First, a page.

Tags: arms race | US | South Korea | Hyundaization

US Facing Global Threat from 'Hyundaization' of Arms Race

Monday, 06 April 2015 12:38 PM

The United States has led the way for decades in military superiority by developing and building advanced precision weapons and aircraft — but now the rest of the world is fast catching up.

Foreign countries are manufacturing and exporting reasonably priced guided missiles and fighters that could be a potential threat to the U.S. in the future and weaken its influence, according to The Wall Street Journal.

Calling it the "Hyundaization" of the global arms industry, the newspaper compares it to the success of South Korea's Hyundai Motors, which with its cheap labor is now able to compete with American car manufacturers after an initial slow start in 2001.

NATO allies Turkey and Poland, for instance, recently bought self-propelled howitzers from Japan's Samsung, instead of arranging deals with either the U.S. or Germany, as it had in the past.

South Korea's Daewoo is building Britain's next naval supply ships, and Korea Aerospace Industries is exporting TA-50 and FA-50 fighter jets to Iraq, Indonesia and the Philippines.

Although the F-16 is America's cheapest fighter, the new Korean, Pakistani and Indian fighters cost about 33 percent to 50 percent less, the Journal reported.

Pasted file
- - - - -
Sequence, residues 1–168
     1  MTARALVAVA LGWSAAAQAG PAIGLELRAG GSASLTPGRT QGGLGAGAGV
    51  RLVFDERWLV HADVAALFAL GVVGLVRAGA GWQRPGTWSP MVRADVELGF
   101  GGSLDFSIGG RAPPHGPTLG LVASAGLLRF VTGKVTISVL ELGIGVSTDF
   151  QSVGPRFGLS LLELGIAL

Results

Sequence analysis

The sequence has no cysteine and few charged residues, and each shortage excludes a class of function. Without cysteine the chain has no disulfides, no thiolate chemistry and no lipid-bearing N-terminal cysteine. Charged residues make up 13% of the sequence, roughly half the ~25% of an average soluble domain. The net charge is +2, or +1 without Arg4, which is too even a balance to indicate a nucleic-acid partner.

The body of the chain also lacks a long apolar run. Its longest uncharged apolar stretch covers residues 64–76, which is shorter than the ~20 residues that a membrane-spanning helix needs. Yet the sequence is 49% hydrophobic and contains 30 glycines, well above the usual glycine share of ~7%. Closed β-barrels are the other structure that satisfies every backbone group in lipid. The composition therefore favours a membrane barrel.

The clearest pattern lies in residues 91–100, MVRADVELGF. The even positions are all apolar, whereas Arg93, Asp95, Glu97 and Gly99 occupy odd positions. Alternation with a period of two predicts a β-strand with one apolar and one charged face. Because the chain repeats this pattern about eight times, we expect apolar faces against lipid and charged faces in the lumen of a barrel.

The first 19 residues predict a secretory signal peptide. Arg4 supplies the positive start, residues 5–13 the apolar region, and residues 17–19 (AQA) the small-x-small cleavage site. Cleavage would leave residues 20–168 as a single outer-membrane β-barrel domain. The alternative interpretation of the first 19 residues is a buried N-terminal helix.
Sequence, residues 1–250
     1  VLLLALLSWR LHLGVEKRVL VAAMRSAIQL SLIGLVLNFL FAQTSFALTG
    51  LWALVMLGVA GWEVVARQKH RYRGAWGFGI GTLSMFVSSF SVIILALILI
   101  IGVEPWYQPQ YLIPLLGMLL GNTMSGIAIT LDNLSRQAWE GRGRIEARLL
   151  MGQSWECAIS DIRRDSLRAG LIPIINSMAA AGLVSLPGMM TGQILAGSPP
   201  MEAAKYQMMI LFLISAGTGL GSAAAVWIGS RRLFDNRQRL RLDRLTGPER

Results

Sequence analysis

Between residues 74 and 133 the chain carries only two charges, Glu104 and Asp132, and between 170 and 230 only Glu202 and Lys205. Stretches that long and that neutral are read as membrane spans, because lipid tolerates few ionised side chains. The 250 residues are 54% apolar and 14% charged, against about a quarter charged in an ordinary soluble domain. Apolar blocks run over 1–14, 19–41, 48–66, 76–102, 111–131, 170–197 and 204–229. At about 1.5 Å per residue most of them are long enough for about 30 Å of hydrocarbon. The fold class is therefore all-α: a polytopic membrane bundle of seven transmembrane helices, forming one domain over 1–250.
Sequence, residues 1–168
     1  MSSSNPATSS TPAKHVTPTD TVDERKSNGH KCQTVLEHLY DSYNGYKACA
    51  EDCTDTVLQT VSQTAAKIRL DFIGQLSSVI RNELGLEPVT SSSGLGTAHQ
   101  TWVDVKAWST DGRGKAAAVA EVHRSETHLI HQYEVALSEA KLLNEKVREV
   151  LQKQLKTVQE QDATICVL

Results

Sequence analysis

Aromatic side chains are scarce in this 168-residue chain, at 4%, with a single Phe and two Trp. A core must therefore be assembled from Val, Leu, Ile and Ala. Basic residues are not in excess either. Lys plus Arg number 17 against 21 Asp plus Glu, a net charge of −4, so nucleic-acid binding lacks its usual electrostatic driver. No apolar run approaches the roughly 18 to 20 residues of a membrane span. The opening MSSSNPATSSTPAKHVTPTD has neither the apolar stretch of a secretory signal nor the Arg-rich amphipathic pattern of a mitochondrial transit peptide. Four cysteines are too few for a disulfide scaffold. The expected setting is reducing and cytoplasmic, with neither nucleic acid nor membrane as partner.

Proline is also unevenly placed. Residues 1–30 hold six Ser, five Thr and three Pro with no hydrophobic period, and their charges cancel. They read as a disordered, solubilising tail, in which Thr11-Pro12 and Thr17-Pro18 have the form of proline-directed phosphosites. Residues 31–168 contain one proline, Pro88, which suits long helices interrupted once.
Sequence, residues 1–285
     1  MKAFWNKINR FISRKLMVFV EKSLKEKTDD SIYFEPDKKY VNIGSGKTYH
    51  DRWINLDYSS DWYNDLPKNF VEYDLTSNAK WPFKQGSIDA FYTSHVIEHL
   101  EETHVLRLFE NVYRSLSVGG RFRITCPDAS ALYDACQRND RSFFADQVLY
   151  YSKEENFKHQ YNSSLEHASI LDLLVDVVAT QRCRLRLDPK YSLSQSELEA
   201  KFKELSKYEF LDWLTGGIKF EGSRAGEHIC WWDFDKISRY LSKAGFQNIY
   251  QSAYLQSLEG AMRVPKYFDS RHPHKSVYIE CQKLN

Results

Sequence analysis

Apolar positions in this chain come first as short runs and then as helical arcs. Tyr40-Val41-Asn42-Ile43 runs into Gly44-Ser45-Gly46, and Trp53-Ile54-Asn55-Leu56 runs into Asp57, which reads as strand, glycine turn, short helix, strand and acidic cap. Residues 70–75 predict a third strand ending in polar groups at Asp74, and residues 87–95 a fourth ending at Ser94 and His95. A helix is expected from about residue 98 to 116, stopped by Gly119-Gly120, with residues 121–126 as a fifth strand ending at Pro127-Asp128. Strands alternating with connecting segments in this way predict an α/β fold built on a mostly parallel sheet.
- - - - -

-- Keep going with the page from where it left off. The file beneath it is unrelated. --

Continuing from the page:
And Brazil's A-29 Super Tucano has become the global standard for counterinsurgency, with a 67 percent savings over the cost of the F-16. The United Arab Emirates, in fact, is set to use them in Yemen in the near future, the paper said.

Although Russia and China have been exporting precision-style weapons for some time, Turkey has jumped on the bandwagon and is now also exporting guided weapons, including a stealthy cruise missile.

India's Mach 3 Brahmos anti-ship missile is available for export, along with the country's GPS-guided equivalent to Boeing's JDAM, while the UAE/South African Al-Tariq and Brazil's Acauan are also attainable. And Pakistan recently purchased Brazil's MAR-1 radar-killer missiles for its JF-17 fighters.

In response, the Pentagon has launched the "third offset" strategy, designed to develop new technologies, as a follow-on to the first two "offsets" — nuclear weapons and precision-guided munitions, the Journal said.

The Pentagon plans to invest in fields like cyberwarfare, robotics, autonomous weapons, advanced manufacturing techniques like 3-D printing, and electromagnetic weapons like railguns and lasers.

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The United States has led the way for decades in military superiority by developing and building advanced precision weapons and aircraft – but now the rest of the world is fast catching up.
arms race, US, South Korea, Hyundaization
362
2015-38-06
Monday, 06 April 2015 12:38 PM
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